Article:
Even before we take a shower, you know, we think twice whether now would be a good time to take a shower because maybe Islamic Jihad or Hamas have just actually sent a public message threatening to fire Tel Aviv in a certain hour, which they did, and executed.
When going into the shelter, it's, I'm telling you, it's a different kind of experience which of course I don't wish any of you will experience, but it's a small room and crowded. We have two dogs so we take the dogs with us and believe me they're not happy about it, but it's not about that you're sitting in the shelter and you're hearing the sounds of explosions.
Many times the sounds are very very close to you, sometimes even above your head. Thank God we have the Iron Dome system which keeps us protected but unfortunately, as you know, since the beginning of this operation, 12 Israelis have lost their lives as a direct result of the rocket fire.
So, I know it's not easy to try and convey to you what it's like to live in a country which for the past 10 days received 3700 rockets. That's an average of 370 rockets a day. It's very difficult.
I hope I succeeded somewhat in sharing with you the overall atmosphere here. Thank you for your support for standing by Israel. And now I'd like to turn it over to you, Jillian.
JILLIAN LASKOWITZ: Thank you so much, Avital, for that on the ground update. Please stay strong, all of our hearts are with you and we stand with you and we stand with Israel. I'd like to welcome our global audience. David, as always, it's good to be with you. And there's a lot to cover so I'd like to jump right in.
David, as Avital mentioned, we've seen a record number of rockets launched from Hamas controlled Gaza and Israel. There's been a lot of misinformation out there as to how this recent Hamas triggered escalation began. Can you start by explaining how we got here, how we got to this recent violence and this recent Hamas triggered flare up? And do you see a way out of this as things stand?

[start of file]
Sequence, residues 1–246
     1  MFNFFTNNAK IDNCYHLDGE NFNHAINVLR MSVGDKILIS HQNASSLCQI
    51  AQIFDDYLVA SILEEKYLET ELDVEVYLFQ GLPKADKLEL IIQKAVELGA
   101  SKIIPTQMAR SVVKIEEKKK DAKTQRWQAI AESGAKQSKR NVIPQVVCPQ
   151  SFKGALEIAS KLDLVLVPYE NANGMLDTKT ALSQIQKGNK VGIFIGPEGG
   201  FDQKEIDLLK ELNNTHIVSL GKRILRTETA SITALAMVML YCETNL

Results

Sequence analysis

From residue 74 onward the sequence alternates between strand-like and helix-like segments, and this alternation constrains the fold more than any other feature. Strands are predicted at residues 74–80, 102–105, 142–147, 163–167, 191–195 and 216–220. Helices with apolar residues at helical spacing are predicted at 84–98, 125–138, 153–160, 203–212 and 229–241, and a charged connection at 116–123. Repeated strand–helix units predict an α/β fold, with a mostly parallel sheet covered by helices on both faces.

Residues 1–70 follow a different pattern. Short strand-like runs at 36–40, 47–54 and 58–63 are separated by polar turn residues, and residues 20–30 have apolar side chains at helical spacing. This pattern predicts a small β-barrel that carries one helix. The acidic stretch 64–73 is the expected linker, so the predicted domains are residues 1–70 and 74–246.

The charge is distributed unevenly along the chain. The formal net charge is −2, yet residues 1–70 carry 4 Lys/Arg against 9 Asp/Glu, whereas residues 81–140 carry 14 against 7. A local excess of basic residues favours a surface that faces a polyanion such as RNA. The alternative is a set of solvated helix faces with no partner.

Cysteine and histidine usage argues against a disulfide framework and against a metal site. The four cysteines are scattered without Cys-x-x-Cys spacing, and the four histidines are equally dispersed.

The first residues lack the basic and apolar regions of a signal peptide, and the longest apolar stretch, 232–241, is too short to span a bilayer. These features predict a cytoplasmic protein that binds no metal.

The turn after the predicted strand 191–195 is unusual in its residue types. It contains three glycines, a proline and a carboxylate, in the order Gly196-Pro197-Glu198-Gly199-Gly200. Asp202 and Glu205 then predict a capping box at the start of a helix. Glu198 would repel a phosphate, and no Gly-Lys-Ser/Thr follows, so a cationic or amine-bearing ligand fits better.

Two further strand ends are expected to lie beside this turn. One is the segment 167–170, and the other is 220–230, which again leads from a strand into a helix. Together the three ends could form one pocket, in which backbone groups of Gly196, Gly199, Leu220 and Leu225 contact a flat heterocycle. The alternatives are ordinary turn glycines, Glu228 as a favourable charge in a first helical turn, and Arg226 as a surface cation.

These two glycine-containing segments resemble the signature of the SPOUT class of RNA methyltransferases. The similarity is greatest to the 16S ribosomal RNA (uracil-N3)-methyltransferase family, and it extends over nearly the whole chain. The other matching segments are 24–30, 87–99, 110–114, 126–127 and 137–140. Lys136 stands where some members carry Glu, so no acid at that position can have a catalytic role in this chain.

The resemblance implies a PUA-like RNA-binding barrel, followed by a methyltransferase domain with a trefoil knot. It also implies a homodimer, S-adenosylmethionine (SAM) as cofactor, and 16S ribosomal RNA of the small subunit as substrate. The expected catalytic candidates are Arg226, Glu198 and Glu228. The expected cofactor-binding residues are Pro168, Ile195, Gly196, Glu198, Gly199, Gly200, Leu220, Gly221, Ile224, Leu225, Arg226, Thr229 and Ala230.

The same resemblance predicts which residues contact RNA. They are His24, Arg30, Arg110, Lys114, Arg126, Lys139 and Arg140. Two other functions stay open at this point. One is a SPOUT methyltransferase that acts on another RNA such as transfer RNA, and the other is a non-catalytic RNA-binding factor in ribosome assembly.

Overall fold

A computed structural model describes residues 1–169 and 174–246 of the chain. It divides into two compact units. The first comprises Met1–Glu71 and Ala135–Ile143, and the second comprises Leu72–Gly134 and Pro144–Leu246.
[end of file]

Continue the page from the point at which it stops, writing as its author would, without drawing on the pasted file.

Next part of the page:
DAVID HARRIS: Jillian, thank you. First of all, I just want to say how much all of us, certainly I, feel for Avital and her family and all the Israelis who on the one hand are enduring what she just described. And I think she related the story in a very personal way with her children, her husband, her dogs, and her shopping. It brings it even closer, if you will, to home, pun intended.
And at the same time, in Avital’s voice, I think people heard courage, resilience, and determination that they will not be cowed. I think it's an extraordinary, extraordinary story here.
How did we get to this point, Jillian? Well, we have many starting points.
I could begin in 1947. Don't worry, audience, I don't plan a long history lesson, but in 1947, as many of you know, the United Nations adopted Resolution 181, which proposed a two state settlement to what had been British administered Palestine. That was rejected.
How do we get to this point, Jillian? Well, from 1948 until 1967 Gaza was not in Israel's hands. The world seems to want to forget that point. Let me say it again, Gaza was not in Israel's hands, nor was Eastern Jerusalem, nor was the West Bank. There could have been a Palestinian state if the Arab world wanted a Palestinian state or states at any moment in time. Gaza was under Egyptian military rule.
And I would invite anyone watching the show to go back and find even a single reference to an effort in the Arab world to give independence to Gaza, or to create a Palestinian state.
We can begin in 1967, when Israel, in a war of self defense, after Egyptian and Syrian leaders publicly and repeatedly called for the extermination of the State of Israel, won the war in six days and seized Gaza in the process.
We can start the story in the months after, when Israel offered a land for peace formula to the Arab world, to return those seized lands, with only one exception: the Jewish holy sites in Jerusalem, but to return the lands in exchange for one word: peace.
And the response from the Arab League, meeting in Khartoum Sudan, on September 1, 1967 was the three no’s: no peace, no negotiation, no recognition.
Or, Jillian, we could start the story in 2005, when Israel, seeing no partner in Gaza chose to exit unilaterally. And for those who were watching at the time, there were extraordinarily powerful scenes of Israeli soldiers forcibly removing Israeli settlers from Gaza, of removing the tombstones from Jewish cemeteries, oh and by the way of leaving greenhouses, that were built by the Israelis, as a gesture of friendship to the people of Gaza, and as a way of helping to kickstart the economy after Israel left.